It's great to get bargains, but at some point the chain breaks and you find that cheap radio is a pile of junk because all it needs is one small part but nobody's interested. Nobody will sell me a repeater for even fifty quid less than everyone else. The pair of sunglasses my wife fancies is the same in every dealer - price leeway on desirable goods is very narrow. You cannot have cheap prices and good everything else.

I'm reading up on a couple of items I want and people are complaining that the programming software wasn't supplied, or the cable isn't available, or all the other things people moan about - on a piece of kit selling for less than a meal for two at a nice restaurant.

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Re: MD-2017 price fixing

Postby troffasky » 19 Jun 2017, 17:34

paulears wrote:Somebody who could make 50% margin on a product is pretty entitled to be upset when somebody starts a downwards price war.


Annoyed, yeah, but upset? Really? It's capitalism. If it upsets you then it's probably time to move on.

paulears wrote:Is it really OK for Tesco to sell milk for less than water? Farmers cannot make a living. That's fine?


Personally I take a hard line on this stuff - if you are consistently unprofitable, just give up. Why do farmers keep selling milk below the cost of production? I don't get it. If enough of them give up, then at least whoever is left might make some money doing it.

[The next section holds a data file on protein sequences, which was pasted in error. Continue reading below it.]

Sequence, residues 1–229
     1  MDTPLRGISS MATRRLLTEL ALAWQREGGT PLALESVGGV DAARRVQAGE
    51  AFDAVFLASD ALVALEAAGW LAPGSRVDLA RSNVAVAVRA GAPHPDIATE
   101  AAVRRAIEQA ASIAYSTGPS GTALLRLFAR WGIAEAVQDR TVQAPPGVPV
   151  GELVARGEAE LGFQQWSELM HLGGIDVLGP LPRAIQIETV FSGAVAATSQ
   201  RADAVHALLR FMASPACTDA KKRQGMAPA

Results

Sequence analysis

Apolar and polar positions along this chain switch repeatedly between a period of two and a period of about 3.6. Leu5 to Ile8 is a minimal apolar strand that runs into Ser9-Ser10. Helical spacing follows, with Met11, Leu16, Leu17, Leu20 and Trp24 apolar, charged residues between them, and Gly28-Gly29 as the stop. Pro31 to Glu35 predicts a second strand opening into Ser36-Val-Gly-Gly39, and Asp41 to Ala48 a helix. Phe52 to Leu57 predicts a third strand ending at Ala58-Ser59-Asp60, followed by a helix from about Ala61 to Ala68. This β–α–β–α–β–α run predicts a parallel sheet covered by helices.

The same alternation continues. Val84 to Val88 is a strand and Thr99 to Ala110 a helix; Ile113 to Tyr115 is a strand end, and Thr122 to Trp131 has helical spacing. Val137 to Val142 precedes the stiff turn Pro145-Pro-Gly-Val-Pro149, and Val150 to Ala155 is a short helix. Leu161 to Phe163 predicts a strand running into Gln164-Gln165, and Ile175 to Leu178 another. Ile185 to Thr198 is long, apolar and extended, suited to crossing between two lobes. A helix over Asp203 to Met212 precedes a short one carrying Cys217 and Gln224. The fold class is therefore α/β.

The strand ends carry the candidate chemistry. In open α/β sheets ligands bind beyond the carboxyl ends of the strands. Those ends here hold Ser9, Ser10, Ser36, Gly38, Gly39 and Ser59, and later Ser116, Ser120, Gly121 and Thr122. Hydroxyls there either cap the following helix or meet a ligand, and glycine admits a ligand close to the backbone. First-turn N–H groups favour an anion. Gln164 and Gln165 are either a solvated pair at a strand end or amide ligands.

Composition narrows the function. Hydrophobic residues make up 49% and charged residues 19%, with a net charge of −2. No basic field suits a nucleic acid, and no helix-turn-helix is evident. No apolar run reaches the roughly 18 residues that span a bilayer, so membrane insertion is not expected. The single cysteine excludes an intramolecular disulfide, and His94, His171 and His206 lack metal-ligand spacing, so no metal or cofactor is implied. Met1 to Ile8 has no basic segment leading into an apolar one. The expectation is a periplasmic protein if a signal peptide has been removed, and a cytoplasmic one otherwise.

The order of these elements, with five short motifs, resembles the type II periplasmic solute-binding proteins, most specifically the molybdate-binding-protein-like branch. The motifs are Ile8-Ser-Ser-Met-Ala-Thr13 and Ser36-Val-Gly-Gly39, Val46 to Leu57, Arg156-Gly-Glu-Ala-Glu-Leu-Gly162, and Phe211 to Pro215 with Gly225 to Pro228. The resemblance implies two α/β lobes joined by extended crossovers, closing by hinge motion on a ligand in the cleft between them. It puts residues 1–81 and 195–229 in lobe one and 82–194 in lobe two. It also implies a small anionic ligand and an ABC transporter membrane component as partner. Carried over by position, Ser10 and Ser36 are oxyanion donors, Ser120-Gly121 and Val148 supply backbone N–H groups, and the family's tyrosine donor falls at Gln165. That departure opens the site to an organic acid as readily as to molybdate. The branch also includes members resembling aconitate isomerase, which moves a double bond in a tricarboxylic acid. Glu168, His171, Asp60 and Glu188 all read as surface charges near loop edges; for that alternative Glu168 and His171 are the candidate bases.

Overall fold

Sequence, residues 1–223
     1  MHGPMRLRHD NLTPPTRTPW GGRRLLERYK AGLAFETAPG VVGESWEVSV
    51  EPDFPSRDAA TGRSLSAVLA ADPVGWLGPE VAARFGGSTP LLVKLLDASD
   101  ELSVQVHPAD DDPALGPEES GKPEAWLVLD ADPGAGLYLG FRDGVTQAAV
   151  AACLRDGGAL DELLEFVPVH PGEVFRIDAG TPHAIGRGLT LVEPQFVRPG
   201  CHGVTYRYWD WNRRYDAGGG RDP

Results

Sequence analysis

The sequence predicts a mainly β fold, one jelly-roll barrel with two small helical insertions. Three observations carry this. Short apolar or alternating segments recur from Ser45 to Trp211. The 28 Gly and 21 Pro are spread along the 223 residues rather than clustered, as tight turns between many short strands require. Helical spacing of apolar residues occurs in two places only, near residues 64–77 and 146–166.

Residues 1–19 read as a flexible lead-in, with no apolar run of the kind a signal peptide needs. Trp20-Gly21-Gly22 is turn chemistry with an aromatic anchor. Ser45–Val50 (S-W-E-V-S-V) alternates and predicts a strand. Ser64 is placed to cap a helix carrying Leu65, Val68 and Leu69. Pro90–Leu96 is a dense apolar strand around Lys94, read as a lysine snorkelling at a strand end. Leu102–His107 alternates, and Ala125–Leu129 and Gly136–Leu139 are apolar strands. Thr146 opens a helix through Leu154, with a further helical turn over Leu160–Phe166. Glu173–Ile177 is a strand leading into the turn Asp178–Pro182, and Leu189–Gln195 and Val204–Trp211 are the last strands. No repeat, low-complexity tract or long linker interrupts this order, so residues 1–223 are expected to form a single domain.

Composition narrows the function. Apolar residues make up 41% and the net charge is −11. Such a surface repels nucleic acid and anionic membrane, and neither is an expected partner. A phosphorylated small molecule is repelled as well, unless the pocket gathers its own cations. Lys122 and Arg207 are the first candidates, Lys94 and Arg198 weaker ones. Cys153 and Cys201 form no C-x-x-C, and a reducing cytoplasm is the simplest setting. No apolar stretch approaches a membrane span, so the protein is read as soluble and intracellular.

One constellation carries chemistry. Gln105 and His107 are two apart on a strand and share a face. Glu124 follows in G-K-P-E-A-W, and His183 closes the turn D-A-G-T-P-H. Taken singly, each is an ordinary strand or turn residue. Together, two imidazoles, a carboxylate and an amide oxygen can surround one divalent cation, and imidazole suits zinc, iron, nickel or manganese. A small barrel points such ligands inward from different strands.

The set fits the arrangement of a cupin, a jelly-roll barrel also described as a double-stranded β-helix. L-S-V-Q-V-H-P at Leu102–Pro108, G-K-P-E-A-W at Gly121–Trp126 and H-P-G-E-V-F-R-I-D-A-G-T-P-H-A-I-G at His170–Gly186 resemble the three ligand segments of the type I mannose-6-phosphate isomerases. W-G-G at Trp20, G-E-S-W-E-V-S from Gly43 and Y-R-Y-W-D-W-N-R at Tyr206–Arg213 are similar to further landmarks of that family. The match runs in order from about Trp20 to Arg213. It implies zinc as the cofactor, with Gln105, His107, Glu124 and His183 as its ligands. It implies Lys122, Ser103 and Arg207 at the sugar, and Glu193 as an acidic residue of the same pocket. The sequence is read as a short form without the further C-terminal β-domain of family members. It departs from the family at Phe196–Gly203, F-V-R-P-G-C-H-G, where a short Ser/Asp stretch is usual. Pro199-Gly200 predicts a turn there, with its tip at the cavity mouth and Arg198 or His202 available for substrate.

Farming is somewhat different to radios, however, due to the level of subsidies:

https://fullfact.org/economy/farming-subsidies-uk/

I wish the government would give me some money to spend all day playing with radios.

paulears wrote:It's great to get bargains, but at some point the chain breaks and you find that cheap radio is a pile of junk because all it needs is one small part but nobody's interested.


People have a choice. If they're interested in a branded radio with commercial support, local dealers, parts availability, etc, then they can buy a Motorola or a Tytera and pay a premium for it. If they want a Bumfeng, they can buy a Bumfeng.

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Re: MD-2017 price fixing

Postby radiosification » 19 Jun 2017, 17:55

troffasky wrote:People have a choice. If they're interested in a branded radio with commercial support, local dealers, parts availability, etc, then they can buy a Motorola or a Tytera and pay a premium for it. If they want a Bumfeng, they can buy a Bumfeng.

Just a small note, Tytera (also known as TYT) is a chinese company who make cheap radios. They are not the same as Hytera (aka HYT), who make good quality radios and is a competitor to Motorola.

I'm sure you probably know this already and it was just a typo, but I just wanted to point it out so that it's clear for anybody else reading the thread.